feeders to roam freely in the same pond has some drawbacks. This technique can be
inefficient and problems like those discussed for mechanical filtration exist. Species that
feed on phytoplankton are filtering smaller particles from the water than animals that
consume large zooplankton. Both types of filter feeders are grazing simultaneously, or
parallel to one another. In addition to removing phytoplankton, herbivorous planktivores
remove large zooplankton from the pond non-selectively, because they strain their food
from water on the basis of size (i.e., small mesh screens vs. large mesh screens). The net
effect is a lowered concentration of zooplankton which reduces the filtration efficiency
and potential biomass of zooplankton feeders.
As with mechanical harvest, the most efficient method of plankton harvest would be to
place zooplankton feeders in front of phytoplankton feeders and those animals that
consume much smaller zooplankton. Each of the different species would have to be
Poverty and food security

Poverty is a generally considered as being one of the major causes of food insecurity.
Poverty eradication is essential to improve access to food. The World Bank defines
poverty as a "multidimensional phenomenon, encompassing inability to satisfy basic
needs, lack of control over resources, lack of education and skills, poor health,
malnutrition, lack of shelter, poor access to water and sanitation, vulnerability to shocks,
violence and crime, lack of political freedom and voice". It is estimated that about one-
fifth of the world's population is currently living in extreme economic poverty; defined as
living on less than US$1 per day (in 1993 dollars, adjusted to account for differences in
purchasing power across countries).

Role of aquaculture
Fish contributes to national food self-sufficiency through direct consumption and through
trade and exports. In traditional fish eating countries in Asia and Oceania, per capita
consumption are mostly above 25 kg. In some island countries in the Pacific the per
capita consumption are above 50 kg per year or even as high as 190 kg as is the case in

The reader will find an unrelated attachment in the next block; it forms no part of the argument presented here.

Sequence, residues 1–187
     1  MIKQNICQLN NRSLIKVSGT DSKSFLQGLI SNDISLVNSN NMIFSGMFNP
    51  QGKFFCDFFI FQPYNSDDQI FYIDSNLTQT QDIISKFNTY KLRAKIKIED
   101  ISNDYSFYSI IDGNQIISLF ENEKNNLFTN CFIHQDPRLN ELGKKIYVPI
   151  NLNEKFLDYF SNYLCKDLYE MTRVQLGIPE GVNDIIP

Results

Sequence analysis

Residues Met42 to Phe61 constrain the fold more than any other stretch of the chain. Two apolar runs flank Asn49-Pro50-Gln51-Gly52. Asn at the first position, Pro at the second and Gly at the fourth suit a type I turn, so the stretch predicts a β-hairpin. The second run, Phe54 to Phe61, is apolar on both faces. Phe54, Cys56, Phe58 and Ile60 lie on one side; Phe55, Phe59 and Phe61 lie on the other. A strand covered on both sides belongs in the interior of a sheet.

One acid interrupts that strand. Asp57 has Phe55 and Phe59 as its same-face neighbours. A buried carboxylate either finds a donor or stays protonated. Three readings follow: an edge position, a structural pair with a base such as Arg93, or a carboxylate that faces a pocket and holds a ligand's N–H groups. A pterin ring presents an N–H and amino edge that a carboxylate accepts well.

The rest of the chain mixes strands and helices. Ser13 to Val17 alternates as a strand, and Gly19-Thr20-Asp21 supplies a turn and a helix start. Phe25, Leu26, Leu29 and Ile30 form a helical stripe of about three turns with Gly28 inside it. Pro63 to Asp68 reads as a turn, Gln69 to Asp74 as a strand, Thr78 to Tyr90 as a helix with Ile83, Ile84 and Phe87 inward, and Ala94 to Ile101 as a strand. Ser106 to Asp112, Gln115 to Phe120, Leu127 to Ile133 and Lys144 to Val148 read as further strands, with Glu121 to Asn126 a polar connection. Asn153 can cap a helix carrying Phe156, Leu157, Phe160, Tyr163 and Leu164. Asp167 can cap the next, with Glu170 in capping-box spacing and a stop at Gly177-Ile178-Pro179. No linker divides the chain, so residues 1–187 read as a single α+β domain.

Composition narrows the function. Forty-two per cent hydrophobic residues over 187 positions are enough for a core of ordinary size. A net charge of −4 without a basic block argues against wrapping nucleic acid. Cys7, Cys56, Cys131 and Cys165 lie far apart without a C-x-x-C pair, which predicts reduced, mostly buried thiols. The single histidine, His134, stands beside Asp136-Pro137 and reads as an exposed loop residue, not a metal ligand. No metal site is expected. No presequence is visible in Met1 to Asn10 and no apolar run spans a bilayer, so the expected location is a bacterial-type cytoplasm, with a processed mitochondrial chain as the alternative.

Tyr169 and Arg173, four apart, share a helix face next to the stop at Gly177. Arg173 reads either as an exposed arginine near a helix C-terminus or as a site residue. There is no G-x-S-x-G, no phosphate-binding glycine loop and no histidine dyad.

Maldives. The extreme importance of fish to food security and nutrition may be
illustrated by assessments on the situation in Africa. FAO estimates that fish provides 22
percent of the protein intake in sub-Saharan Africa. This share, however, can exceed 50
percent in the poorest countries (especially where other sources of animal protein are
scarce or expensive). In West African coastal countries, for instance, where fish has been
a central element in local economies for many centuries, the proportion of dietary protein
that comes from fish is extremely high: 47 percent in Senegal, 62 percent in Gambia and
63 percent in Sierra Leone and Ghana.

In general terms, aquaculture can benefit the livelihoods of the poor either through an
improved food supply and/or through employment and increased income. However, at
present little or no hard statistical information exists concerning the scale and extent of
rural or small-scale aquaculture development within most developing countries and
LIFDCs, nor concerning the direct/indirect impact of these and the more commercial-
scale farming activities and assistance projects on food security and poverty alleviation.
Despite the lack of information concerning the role of rural aquaculture, there is one sure
benefit of consuming fish, and that is the nutritional and health benefit to be gained from
its valuable nutritional content. Food fish has a nutrient profile superior to all terrestrial
meats. It is an excellent source of high quality animal protein and highly digestible
energy, as well as an extremely rich source of omega-3 polyunsaturated fatty acids
(PUFAs), fat soluble vitamins (A, D and E), water soluble vitamins (B complex), and
minerals (calcium, phosphorus, iron, iodine and selenium). In fact, if there is a single
food that could be used to address all of the different aspects of world malnutrition, it is
fish - the staple animal protein source of traditional fishers.